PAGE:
New article of Wakana Oishi (PhD student) has been published in JEMA.
Inactivation kinetics modeling of Escherichia coli in concentrated urine for implementing predictive environmental microbiology in sanitation safety planning
Wakana Oishi, Ikuo Kato, Nowaki Hijikata, Ken Ushijima, Ryusei Ito, Naoyuki Funamizu, Osamu Nishimura, Daisuke Sano
Journal of Environmental Management, August 2020, 268, 110672.
Urine concentration (condensation) leads to the inactivation of pathogens in urine owing to a hyperosmotic environment. This study proposed an inactivation kinetic model of Escherichia coli (E. coli), a surrogate of human bacterial pathogens, in concentrated synthetic urine. The model parameters were obtained under an assumption that the inactivation rate of E. coli followed a binomial distribution, which made it possible to accurately simulate the time-course decay of E. coli in synthetic urine. The inactivation rate constant values obtained in concentrated urine samples, ammonium buffer solutions and carbonate buffer solutions indicated that the osmotic pressure was a relatively predominant cause for the inactivation of E. coli. The appropriate storage time was estimated using the approach of quantitative microbial risk assessment, which indicated that the 5-fold concentrated urine could be safely collected after 1-day storage when urea was hydrolyzed, whereas 91-hour storage was required for non-concentrated urine. The occupational risk was not negligible even with 6-month storage at 20oC when urea was not hydrolyzed, which suggested that the urine storage styles should be clarified more minutely.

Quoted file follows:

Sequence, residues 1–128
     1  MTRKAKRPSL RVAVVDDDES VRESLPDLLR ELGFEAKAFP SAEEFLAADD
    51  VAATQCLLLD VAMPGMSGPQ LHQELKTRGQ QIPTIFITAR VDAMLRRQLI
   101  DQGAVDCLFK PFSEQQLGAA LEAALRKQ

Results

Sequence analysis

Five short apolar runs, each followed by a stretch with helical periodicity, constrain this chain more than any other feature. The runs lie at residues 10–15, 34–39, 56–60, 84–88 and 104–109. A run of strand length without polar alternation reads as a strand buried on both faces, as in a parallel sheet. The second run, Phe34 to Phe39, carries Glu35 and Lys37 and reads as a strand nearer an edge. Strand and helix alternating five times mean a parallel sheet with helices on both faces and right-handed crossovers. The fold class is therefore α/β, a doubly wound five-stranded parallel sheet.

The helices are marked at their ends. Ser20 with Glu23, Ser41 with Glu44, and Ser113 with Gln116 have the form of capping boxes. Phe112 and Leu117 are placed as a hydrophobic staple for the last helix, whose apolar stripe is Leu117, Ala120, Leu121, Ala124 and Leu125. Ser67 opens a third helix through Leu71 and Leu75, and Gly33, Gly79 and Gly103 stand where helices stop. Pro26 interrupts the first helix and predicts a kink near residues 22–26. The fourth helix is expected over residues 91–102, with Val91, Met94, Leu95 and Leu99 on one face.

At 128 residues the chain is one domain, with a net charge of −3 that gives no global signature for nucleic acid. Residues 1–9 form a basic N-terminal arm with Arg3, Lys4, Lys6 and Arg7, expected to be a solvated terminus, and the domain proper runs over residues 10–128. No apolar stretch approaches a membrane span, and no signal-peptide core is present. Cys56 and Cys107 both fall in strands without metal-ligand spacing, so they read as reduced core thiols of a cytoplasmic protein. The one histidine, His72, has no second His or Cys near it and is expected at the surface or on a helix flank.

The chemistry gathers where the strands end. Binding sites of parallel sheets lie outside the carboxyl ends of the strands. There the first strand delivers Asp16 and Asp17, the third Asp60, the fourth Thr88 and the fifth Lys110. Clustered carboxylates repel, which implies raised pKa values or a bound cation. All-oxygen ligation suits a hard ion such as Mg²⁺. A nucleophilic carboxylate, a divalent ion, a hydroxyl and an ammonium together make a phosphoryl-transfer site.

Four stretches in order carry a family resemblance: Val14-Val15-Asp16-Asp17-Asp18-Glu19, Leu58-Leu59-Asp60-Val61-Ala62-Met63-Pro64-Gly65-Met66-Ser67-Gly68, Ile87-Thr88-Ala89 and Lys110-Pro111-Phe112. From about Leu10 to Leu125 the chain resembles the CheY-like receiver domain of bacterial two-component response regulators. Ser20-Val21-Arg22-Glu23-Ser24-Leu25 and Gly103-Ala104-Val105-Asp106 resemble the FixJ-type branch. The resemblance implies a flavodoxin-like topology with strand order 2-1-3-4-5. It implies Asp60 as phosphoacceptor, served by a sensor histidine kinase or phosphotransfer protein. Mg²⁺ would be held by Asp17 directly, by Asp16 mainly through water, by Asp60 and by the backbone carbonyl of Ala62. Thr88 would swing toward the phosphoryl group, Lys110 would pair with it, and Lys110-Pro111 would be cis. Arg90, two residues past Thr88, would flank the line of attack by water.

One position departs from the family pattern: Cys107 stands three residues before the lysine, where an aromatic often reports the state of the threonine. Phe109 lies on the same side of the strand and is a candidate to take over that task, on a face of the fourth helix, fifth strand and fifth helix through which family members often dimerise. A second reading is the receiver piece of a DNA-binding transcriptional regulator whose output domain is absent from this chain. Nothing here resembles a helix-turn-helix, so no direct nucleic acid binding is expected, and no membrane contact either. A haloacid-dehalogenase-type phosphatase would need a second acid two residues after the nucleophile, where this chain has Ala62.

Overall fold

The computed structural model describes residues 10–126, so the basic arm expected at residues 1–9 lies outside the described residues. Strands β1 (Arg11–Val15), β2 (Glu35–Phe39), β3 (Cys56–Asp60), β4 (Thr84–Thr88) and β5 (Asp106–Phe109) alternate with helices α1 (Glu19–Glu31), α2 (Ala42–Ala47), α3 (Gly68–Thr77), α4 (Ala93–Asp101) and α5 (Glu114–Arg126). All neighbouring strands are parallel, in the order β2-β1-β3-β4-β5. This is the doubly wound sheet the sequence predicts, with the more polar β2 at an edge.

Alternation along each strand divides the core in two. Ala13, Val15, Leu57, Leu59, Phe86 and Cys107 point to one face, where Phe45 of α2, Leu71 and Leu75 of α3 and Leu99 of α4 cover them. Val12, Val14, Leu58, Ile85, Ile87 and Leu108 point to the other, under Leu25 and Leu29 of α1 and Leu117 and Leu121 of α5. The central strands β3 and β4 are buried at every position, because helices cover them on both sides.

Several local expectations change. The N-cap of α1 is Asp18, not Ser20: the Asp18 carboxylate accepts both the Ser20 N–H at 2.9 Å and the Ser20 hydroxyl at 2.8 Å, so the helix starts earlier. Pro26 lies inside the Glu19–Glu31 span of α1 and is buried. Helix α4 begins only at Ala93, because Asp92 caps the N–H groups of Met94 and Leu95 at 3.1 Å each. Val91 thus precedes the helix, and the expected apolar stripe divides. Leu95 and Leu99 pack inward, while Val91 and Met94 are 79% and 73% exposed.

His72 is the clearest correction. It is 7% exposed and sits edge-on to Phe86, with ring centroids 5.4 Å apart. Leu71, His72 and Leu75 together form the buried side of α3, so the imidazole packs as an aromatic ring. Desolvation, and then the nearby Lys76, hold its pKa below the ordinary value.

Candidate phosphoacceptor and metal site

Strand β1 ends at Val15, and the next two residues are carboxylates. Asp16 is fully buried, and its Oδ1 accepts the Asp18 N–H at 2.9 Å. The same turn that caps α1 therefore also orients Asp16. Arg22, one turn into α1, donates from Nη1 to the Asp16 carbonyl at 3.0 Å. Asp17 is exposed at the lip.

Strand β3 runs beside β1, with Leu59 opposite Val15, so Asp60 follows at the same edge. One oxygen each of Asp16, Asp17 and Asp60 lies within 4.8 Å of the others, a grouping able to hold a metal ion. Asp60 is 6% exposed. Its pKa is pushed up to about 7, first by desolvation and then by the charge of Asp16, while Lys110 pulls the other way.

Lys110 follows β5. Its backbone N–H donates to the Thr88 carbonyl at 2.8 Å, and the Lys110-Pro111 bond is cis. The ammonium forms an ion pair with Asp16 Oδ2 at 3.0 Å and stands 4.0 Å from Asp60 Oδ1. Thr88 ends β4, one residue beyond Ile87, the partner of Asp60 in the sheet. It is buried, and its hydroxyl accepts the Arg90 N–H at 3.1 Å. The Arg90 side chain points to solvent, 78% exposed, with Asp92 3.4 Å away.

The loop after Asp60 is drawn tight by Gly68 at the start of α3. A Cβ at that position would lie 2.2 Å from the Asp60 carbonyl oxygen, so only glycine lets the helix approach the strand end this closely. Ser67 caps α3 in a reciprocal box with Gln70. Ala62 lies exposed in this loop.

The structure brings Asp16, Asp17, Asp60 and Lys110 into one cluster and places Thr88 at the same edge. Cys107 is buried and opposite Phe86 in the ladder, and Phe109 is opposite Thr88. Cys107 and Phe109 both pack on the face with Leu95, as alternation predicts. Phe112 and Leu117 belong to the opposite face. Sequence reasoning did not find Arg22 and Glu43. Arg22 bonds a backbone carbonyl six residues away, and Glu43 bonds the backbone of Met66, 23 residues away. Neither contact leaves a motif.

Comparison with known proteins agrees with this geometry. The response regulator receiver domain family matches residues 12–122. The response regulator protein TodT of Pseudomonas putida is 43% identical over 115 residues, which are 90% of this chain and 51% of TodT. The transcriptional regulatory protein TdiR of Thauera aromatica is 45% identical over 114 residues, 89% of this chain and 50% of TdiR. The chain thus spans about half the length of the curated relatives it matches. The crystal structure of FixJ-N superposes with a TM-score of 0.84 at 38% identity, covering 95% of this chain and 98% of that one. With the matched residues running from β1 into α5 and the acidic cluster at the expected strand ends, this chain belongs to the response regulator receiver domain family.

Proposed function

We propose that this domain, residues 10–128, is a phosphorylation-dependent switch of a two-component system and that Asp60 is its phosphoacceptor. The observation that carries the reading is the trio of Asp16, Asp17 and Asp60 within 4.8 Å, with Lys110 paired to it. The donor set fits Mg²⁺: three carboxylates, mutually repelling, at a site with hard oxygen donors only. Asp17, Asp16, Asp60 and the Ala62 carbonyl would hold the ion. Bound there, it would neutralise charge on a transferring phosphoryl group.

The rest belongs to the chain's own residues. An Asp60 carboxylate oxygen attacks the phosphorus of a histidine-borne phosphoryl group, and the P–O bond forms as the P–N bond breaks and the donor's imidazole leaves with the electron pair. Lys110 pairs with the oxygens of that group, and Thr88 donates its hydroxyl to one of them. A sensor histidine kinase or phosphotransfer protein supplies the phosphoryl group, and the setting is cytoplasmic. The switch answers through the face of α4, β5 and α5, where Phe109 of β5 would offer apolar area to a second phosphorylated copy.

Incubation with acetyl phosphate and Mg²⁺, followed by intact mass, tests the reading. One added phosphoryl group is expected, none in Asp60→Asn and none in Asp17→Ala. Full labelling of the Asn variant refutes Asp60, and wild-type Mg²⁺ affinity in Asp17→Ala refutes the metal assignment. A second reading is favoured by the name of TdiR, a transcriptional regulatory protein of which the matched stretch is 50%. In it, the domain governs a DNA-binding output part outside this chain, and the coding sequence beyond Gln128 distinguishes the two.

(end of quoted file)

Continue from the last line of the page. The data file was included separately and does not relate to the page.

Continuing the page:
In spite of the increasing interests in a sustainable society, the intensive use and resource recovery from human urine have been restricted the long-time storage recommended by the current guideline. This study suggested that disinfection was completed by urine concentration for lowering the transportation cost, without additional chemical/physical treatments. This study highlights the importance of “predictive environmental microbiology,” which deals with inactivation kinetic models of microorganisms under varied environmental conditions to fully implement the hazard analysis and critical control point (HACCP) approach for the safe use of human excreta in agriculture.